There are a few photos, slightly blurry, as if they had been hastily taken. A mountain of chopped onions, valleys created by sliding mounds of sliced tomatoes, and two women grimly making yong tau foo – a popular dish in Singapore featuring tofu stuffed with minced meat and vegetables. Through the window in the backdrop, the sky is blue with predawn dimness.
These women are migrant domestic workers, and they have sent these photos to Desmond Phoon, the owner of A.Pratama Employment Agency, in order to seek help. The women, hired through Work Permits to work as migrant domestic workers in a Singaporean household, were also unexpectedly thrust into the job of yong tau foo stall assistants.
Dealing with workers in bad situations is, unfortunately, par for the course for Desmond and Susan. The couple established A.Pratama Employment Agency in 2004 with the explicit aim of protecting and helping workers.
Desmond and Susan Phoon run A.Pratama Employment Agency together.
The beginnings of A.Pratama reach back to Desmond’s childhood. A framed black and white photograph of Desmond’s mother hangs on the wall of his office, alongside meticulous newspaper clippings highlighting cases of employment relationships gone awry.
Desmond’s mother was a domestic worker of her time, a part-time amah who raised her children by hand-washing endless loads of laundry.
“When I was a small boy, I saw my mother cry on many occasions. I was brought up in a very tough environment, seeing my mother work as a part-time helper.”
On Sundays, domestic workers often drop by, sometimes to seek advice, and sometimes just to say hi.
For Desmond, minimising the worker’s placement fee – also known as the “maid loan” – is the best way to protect migrant domestic workers.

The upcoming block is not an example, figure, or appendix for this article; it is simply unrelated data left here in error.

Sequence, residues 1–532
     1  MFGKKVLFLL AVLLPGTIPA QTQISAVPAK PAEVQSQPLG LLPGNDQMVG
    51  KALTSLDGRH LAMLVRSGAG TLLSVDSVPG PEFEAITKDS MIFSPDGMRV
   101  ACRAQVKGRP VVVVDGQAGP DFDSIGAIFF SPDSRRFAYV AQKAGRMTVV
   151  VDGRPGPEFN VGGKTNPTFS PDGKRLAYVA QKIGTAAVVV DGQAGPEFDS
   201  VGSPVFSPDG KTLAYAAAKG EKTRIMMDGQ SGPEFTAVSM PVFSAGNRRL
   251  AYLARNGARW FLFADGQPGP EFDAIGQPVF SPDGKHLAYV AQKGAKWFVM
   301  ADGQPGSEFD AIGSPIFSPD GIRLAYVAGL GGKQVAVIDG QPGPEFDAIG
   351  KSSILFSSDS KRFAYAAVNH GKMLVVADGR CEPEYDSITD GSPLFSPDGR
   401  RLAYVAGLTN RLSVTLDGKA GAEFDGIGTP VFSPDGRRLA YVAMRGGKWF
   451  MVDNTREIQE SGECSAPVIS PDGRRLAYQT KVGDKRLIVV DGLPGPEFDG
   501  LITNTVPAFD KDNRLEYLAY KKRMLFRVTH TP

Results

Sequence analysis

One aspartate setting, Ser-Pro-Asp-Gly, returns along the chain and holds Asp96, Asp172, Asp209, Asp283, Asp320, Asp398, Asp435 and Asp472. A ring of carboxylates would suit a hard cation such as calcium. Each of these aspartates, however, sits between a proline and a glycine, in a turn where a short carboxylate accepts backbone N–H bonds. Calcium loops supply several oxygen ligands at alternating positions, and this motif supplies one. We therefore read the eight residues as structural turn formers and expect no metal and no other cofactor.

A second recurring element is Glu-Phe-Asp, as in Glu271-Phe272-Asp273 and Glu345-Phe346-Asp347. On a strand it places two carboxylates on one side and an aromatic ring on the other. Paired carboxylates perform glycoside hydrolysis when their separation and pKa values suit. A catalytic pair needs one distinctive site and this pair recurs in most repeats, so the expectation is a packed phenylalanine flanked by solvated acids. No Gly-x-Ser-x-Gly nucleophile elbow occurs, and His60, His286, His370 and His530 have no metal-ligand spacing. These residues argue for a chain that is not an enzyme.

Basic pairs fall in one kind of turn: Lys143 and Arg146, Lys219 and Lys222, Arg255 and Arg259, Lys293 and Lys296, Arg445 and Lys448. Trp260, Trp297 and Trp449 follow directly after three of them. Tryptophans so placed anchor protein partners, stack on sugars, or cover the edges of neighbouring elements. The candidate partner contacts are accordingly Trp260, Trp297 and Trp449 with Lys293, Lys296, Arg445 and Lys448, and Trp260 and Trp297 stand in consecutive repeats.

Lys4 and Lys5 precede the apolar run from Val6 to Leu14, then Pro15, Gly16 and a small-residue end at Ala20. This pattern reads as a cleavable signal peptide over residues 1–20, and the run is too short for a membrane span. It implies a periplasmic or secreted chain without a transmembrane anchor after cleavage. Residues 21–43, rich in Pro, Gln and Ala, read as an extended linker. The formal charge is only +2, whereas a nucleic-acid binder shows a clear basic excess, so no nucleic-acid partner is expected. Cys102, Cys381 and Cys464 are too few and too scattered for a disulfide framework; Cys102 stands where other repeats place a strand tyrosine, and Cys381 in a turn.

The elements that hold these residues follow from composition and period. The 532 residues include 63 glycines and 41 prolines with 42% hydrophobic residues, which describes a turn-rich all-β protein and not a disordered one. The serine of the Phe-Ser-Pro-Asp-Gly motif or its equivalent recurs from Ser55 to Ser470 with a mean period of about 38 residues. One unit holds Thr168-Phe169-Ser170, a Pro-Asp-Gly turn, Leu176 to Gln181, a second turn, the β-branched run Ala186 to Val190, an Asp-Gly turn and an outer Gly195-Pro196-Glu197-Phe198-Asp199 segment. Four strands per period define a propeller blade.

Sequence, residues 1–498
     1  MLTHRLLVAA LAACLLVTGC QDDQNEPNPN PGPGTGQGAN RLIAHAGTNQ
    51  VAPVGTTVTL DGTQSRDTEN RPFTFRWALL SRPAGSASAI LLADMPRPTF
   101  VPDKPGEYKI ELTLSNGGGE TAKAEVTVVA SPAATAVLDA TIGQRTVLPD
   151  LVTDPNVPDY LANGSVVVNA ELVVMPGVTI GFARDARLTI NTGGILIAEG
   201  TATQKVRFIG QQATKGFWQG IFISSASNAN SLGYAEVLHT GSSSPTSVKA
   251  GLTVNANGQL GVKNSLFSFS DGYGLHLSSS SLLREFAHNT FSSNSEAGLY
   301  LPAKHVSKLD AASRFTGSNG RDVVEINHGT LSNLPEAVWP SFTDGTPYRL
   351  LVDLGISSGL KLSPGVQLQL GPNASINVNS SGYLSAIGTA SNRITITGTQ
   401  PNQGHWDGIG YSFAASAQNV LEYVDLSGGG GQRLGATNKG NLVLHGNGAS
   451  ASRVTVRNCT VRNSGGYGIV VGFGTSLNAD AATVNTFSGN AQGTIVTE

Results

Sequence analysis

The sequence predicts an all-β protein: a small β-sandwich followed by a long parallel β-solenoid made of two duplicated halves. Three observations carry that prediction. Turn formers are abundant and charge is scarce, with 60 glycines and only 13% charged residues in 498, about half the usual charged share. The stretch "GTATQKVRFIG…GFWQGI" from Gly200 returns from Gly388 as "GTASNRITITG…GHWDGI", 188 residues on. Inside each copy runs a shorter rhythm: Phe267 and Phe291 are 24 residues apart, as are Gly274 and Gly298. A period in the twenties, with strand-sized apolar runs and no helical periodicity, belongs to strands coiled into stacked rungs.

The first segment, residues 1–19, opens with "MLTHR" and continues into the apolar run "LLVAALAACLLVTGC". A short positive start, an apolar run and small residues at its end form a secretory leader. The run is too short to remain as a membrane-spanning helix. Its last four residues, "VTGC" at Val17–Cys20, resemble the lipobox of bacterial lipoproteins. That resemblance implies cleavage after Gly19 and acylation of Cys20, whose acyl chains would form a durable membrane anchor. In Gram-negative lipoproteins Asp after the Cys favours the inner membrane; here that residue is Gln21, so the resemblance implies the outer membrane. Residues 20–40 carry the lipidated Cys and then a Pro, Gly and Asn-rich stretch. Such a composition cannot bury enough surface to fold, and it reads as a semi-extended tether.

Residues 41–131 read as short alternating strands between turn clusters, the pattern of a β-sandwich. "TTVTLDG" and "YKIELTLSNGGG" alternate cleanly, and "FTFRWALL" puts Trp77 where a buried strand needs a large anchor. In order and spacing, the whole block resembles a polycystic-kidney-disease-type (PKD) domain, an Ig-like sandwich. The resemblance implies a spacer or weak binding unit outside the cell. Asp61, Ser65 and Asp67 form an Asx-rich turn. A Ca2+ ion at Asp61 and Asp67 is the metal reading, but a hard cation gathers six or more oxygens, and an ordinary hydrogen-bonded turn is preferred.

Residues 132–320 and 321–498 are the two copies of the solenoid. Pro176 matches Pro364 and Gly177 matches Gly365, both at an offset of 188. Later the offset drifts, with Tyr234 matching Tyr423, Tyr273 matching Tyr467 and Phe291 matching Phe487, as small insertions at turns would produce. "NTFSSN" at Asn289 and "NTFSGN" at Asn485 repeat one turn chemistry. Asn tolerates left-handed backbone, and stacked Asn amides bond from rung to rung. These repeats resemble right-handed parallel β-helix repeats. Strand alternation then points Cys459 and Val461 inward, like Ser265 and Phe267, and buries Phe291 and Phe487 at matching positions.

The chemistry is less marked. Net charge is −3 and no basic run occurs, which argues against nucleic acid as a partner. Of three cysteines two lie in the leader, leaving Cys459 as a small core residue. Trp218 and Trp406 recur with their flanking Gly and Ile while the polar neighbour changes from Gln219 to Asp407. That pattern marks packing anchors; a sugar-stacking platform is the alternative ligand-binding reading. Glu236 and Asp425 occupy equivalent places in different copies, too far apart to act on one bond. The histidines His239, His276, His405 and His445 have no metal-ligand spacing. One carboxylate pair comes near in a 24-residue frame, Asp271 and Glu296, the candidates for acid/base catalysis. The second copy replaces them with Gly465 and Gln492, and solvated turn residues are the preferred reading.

Much of this placement fee is ostensibly derived from costs incurred by the worker overseas, to pay for accommodation, transport, and training.
Agents collect placement fees to remit to their overseas counterpart, but Desmond sees a loophole in this system.
“By law, you cannot charge the maid more than two months’ salary, but you can charge the employer any amount, up to the sky,” he says.
“Yet we have seen agents who charge employers $1 agency fee, zero agency fee… if the employer pays zero agency fee, how does the agency survive? The costs that are supposed to be borne by the employer are actually passed on to the helper through a manipulation of the ‘maid loan’.”
He says that, by bearing a significant debt in order to work in Singapore, workers’ vulnerability is heightened.
“The helper is financially exploited,” Desmond says. “With a big debt, even though an employer physically abuses her, illegally deploys her to work two or three houses or even forces a Muslim helper to eat pork, the helper has got to submissively accept it.”
Susan shares an orange sponge cake with her visitors.
Desmond keeps a wall of newspaper clippings to warn employers and workers of the dire consequences of an employment relationship gone wrong.
To counter the possibility of strained employment relationships and suboptimal working conditions, Desmond holds employers to specific requirements to ensure that there are clear expectations between employers and workers: two rest days per month and a hand-phone for workers to use at night, when they are done with the day’s work.
“I’m a big advocate of the off-day,” he says. “Without off-days, workers cannot tell me that they are making yong tau foo at 4 am in the morning.”